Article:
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Handbook on Experimental Economics and the Environment

Handbook on Experimental Economics and the Environment

Elgar original reference

Edited by John A. List and Michael K. Price

Laboratory and field experiments have grown significantly in prominence over the past decade. The experimental method provides randomization in key variables therefore permitting a deeper understanding of important economic phenomena. This path-breaking volume provides a valuable collection of experimental work within the area of environmental and resource economics and showcases how laboratory and field experiments can be used for both positive and normative purposes.

Chapter 6: Value and outcome uncertainty as explanations for the WTA vs WTP disparity

William S. Neilson, Michael McKee and Robert P. Berrens

Subjects: economics and finance, behavioural and experimental economics, environmental economics, methodology of economics, environment, environmental economics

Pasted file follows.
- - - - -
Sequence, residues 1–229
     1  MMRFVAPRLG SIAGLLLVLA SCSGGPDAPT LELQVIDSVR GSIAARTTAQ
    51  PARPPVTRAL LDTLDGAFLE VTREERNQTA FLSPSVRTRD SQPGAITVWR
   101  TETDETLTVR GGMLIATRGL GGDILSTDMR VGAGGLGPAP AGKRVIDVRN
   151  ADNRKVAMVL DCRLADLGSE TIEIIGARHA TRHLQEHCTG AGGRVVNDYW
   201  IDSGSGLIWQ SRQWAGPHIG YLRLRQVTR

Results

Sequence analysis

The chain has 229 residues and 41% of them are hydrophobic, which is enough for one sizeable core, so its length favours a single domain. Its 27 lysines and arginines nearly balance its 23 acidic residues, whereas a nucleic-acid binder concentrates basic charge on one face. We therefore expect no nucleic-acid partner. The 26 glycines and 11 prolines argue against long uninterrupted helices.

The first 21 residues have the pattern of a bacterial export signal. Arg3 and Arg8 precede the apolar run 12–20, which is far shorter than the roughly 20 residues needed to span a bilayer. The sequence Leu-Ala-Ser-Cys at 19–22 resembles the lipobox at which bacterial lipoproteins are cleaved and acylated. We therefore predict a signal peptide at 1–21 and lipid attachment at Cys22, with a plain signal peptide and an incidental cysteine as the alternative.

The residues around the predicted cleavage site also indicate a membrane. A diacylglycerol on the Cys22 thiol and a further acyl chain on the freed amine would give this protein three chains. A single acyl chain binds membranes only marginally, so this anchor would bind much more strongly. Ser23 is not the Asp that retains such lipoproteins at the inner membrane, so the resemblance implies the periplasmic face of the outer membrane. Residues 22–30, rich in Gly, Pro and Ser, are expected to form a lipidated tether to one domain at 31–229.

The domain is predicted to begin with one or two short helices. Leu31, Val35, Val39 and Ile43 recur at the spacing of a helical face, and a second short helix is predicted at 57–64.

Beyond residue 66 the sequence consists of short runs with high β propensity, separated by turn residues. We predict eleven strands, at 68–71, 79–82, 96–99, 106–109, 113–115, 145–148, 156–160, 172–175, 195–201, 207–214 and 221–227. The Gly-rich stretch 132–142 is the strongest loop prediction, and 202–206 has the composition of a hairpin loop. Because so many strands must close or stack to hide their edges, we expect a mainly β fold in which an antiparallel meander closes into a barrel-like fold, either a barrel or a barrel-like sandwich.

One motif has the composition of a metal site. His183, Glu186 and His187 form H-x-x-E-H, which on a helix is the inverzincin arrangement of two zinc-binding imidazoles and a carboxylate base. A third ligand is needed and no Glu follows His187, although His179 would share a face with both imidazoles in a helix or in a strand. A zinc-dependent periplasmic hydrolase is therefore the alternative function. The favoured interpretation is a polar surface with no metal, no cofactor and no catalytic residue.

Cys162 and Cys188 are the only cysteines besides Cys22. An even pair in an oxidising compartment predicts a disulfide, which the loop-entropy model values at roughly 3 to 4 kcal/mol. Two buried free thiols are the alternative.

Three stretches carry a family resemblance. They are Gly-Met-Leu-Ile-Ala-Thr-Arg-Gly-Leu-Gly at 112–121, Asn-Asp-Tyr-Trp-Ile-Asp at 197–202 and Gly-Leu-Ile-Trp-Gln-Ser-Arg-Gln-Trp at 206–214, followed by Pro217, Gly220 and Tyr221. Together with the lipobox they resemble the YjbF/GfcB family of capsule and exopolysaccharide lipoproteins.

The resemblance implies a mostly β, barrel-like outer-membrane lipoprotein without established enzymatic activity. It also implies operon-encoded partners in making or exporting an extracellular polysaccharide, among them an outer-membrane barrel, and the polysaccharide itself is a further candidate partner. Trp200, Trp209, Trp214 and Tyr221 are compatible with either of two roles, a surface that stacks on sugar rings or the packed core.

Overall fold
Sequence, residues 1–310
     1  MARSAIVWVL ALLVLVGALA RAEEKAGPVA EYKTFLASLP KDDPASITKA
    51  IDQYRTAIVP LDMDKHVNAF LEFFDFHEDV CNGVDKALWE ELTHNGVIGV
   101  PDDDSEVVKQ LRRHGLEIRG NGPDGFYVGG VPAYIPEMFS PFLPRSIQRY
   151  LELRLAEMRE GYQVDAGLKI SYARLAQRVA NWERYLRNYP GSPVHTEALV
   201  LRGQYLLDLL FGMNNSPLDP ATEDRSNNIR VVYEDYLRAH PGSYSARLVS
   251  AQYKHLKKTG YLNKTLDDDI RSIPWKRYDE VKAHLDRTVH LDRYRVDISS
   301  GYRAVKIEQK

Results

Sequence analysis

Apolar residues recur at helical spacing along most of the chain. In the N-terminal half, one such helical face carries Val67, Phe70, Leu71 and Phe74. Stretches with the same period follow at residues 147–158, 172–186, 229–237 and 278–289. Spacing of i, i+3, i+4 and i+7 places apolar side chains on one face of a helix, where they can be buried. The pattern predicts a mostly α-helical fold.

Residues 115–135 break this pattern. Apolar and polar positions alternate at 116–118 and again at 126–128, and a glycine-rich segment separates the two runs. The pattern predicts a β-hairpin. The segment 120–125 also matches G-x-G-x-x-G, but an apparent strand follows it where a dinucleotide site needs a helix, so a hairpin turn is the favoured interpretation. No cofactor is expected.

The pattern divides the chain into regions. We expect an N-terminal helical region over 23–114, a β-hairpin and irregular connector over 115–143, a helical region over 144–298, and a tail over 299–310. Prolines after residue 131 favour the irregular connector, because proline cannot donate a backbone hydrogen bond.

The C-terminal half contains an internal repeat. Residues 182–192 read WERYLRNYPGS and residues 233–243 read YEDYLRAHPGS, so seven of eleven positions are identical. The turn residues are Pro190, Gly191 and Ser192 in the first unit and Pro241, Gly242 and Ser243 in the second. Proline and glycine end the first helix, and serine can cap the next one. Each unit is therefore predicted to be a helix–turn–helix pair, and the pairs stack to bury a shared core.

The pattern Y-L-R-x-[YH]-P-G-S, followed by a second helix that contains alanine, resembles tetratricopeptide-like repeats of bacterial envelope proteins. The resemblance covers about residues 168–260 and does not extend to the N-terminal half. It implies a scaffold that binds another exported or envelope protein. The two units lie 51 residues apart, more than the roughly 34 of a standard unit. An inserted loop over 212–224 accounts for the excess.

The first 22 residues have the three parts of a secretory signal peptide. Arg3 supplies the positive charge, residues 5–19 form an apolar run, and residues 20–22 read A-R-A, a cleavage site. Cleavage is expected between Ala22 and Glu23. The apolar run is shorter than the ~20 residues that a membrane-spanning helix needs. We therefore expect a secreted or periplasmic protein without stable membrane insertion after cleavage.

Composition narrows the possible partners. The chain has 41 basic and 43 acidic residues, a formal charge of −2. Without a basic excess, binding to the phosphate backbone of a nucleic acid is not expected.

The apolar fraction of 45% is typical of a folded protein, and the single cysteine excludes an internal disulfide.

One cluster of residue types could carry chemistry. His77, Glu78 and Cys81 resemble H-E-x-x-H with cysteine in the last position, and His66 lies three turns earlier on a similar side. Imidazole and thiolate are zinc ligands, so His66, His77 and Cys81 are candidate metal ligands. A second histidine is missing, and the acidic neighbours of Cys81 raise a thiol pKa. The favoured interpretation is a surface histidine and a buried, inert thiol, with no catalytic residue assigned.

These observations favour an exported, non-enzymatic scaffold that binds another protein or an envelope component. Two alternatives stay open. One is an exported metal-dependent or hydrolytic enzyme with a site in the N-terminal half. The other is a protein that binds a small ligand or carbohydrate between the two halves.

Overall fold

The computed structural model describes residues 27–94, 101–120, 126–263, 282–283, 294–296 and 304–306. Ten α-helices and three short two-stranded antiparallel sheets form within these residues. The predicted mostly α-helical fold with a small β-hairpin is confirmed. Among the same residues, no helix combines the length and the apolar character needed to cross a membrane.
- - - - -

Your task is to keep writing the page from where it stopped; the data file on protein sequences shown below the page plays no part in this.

The frequently observed divergence between an individual’s maximum willingness to pay (WTP) and minimum willingness to accept compensation (WTA) for the same quantity change in a good or service has been the topic of considerable investigation and inquiry. Repeated findings from numerous survey-based contingent valuation field studies are that people report WTA and WTP values that are different, with WTA typically much higher than WTP. These results, obtained in hypothetical valuation exercises, have been corroborated by various experimental laboratory investigations using real monetary payoffs. In the field surveys studies have, for example, reported that the WTA for various types of hunting permits is four to five times higher than the corresponding WTP; and laboratory experiments that elicit values for coffee mugs, chocolate bars and lottery tickets report that WTA is approximately two to four times higher than WTP. The persistence of such disparities, across a variety of settings, has defied any single explanation and is considered a behavioral anomaly. The issue also has considerable policy implications, as in the case of natural resource damage assessment and liability cases (Brown and Gregory, 1999) as well as in civil law cases (Rachlinski and Jourden, 1998).

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